2) At the end of The Devil in the White City, in Notes and Sources, Larson writes “The thing that entranced me about Chicago in the Gilded Age was the citys willingness to take on the impossible in the name of civic honor, a concept so removed from the modern psyche that two wise readers of early drafts of this book wondered why Chicago was so avid to win the worlds fair in the first place” [p. 393]. What motives, in addition to “civic honor,” drove Chicago to build the Fair? In what ways might the desire to “out-Eiffel Eiffel” and to show New York that Chicago was more than a meat-packing backwater be seen as problematic?
3) The White City is repeatedly referred to as a dream. The young poet Edgar Lee Masters called the Court of Honor “an inexhaustible dream of beauty” [p. 252]; Dora Root wrote “I think I should never willingly cease drifting in that dreamland” [p. 253]; Theodore Dreiser said he had been swept “into a dream from which I did not recover for months” [p. 306]; and columnist Teresa Dean found it “cruel . . . to let us dream and drift through heaven for six months, and then to take it out of our lives” [p. 335]. What accounts for the dreamlike quality of the White City? What are the positive and negative aspects of this dream?
4) In what ways does the Chicago Worlds Fair of 1893 change America? What lasting inventions and ideas did it introduce into American culture? What important figures were critically influenced by the Fair?
5) At the end of the book, Larson suggests that “Exactly what motivated Holmes may never be known” [p. 395]. What possible motives are exposed in The Devil in the White City? Why is it important to try to understand the motives of a person like Holmes?
6) After the Fair ended, Ray Stannard Baker noted “What a human downfall after the magnificence and prodigality of the Worlds Fair which has so recently closed its doors! Heights of splendor, pride, exaltation in one month: depths of wretchedness, suffering, hunger, cold, in the next” [p. 334]. What is the relationship between the opulence and grandeur of the Fair and the poverty and degradation that surrounded it? In what ways does the Fair bring into focus the extreme contrasts of the Gilded Age? What narrative techniques does Larson use to create suspense in the book? How does he end sections and chapters of the book in a manner that makes the reader anxious to find out what happens next?
7) Larson writes, “The juxtaposition of pride and unfathomed evil struck me as offering powerful insights into the nature of men and their ambitions” [p. 393]. What such insights does the book offer? What more recent stories of pride, ambition, and evil parallel those described in The Devil in the White City?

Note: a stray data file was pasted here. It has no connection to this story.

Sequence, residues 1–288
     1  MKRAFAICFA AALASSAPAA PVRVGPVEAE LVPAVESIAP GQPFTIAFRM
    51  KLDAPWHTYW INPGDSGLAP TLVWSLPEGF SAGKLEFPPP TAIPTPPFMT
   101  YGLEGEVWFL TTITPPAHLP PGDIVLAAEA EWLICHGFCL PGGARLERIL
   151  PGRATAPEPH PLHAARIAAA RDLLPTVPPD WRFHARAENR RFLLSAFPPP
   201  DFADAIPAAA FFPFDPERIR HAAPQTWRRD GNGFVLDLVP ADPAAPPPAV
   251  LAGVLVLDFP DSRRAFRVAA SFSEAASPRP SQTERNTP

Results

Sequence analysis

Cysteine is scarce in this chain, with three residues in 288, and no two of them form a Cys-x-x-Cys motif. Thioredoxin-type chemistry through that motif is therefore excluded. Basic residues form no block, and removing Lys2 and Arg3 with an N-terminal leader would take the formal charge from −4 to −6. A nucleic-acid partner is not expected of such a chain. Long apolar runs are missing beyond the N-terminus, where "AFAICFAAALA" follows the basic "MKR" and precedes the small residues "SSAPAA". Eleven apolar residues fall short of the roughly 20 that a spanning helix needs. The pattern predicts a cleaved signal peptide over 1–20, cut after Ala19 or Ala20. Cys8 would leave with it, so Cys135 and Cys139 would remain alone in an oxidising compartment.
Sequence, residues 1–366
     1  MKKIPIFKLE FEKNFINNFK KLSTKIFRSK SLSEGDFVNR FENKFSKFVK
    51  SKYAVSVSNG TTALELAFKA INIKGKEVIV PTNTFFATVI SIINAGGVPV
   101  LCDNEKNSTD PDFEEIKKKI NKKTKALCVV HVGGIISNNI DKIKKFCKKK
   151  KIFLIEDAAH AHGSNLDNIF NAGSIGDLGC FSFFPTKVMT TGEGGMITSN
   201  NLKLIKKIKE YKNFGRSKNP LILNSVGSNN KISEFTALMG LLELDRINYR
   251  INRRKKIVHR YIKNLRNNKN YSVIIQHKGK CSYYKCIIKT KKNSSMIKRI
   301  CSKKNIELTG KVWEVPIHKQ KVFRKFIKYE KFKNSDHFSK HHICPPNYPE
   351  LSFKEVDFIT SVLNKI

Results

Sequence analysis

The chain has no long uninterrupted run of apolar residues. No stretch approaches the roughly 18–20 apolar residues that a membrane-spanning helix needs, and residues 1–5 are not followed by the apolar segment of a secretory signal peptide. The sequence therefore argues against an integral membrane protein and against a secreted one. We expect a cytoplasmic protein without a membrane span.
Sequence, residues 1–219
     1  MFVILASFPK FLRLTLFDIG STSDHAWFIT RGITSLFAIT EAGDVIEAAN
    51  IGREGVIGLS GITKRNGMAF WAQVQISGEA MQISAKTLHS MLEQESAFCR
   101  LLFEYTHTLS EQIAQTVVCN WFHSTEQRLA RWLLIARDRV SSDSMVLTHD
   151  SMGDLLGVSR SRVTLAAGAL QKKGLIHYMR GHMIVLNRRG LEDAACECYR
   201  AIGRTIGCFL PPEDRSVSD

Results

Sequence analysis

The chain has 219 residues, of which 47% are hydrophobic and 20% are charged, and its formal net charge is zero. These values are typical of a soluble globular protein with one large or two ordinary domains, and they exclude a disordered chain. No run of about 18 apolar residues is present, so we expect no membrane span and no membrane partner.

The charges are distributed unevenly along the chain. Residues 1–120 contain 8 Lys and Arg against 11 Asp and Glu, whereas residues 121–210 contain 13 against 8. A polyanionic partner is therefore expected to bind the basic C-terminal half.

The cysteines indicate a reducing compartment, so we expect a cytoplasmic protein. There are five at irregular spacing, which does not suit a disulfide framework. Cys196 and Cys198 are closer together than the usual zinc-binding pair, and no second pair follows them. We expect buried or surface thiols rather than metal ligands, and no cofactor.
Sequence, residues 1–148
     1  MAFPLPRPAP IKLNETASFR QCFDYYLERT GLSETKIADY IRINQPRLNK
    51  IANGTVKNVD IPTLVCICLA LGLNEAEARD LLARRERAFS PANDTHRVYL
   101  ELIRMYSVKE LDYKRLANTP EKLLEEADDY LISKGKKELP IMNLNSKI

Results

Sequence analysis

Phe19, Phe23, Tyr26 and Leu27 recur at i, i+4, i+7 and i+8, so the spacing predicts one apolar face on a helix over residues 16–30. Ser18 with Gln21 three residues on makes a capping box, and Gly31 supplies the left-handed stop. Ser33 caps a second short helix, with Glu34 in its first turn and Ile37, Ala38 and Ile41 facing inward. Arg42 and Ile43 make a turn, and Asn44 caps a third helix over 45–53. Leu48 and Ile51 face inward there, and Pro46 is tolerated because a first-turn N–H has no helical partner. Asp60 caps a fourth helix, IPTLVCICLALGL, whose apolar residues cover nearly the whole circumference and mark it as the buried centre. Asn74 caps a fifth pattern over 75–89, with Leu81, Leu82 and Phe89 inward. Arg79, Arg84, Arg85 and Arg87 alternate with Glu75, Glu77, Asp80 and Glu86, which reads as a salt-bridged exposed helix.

8) What does The Devil in the White City add to our knowledge about Frederick Law Olmsted and Daniel Burnham? What are the most admirable traits of these two men? What are their most important aesthetic principles?
9) In his speech before his wheel took on its first passengers, George Ferris “happily assured the audience that the man condemned for having ‘wheels in his head had gotten them out of his head and into the heart of the Midway Plaisance” [p. 279]. In what way is the entire Fair an example of the power of human ingenuity, of the ability to realize the dreams of imagination?
10) How was Holmes able to exert such power over his victims? What weaknesses did he prey upon? Why wasnt he caught earlier? In what ways does his story “illustrate the end of the century” [p. 370] as the Chicago Times-Herald wrote?
11) What satisfaction can be derived from a nonfiction book like The Devil in the White City that cannot be found in novels? In what ways is the book like a novel?
12) In describing the collapse of the roof of Manufacturers and Liberal Arts Building, Larson writes “In a great blur of snow and silvery glass the buildings roof—that marvel of late nineteenth-century hubris, enclosing the greatest volume of unobstructed space in history—collapsed to the floor below” [p. 196-97]. Was the entire Fair, in its extravagant size and cost, an exhibition of arrogance? Do such creative acts automatically engender a darker, destructive parallel? Can Holmes be seen as the natural darker side of the Fairs glory?
13) What is the total picture of late nineteenth-century America that emerges from The Devil in the White City? How is that time both like and unlike contemporary America? What are the most significant differences? In what ways does that time mirror the present?
#1 NATIONAL BESTSELLER
National Book Award Finalist
“As absorbing a piece of popular history as one will ever hope to find.” —San Francisco Chronicle
The introduction, discussion questions, suggested reading list, and author biography that follow are designed to enliven your groups discussion of Erik Larsons gripping account of the 1893 Chicago Worlds Fair.
Review A Day
"You've got to respect a book that makes you keep flipping to the back cover, double-checking that it is nonfiction. Erik Larson's The Devil in the White City
seems like something from the mind of, say, Thomas Harris. But it is, in fact, true. A gruesome and gripping book....[T]he
heart of the story is so good, you find yourself asking how you could not know this already."
Adrienne Miller, Esquire
(read the entire Esquire review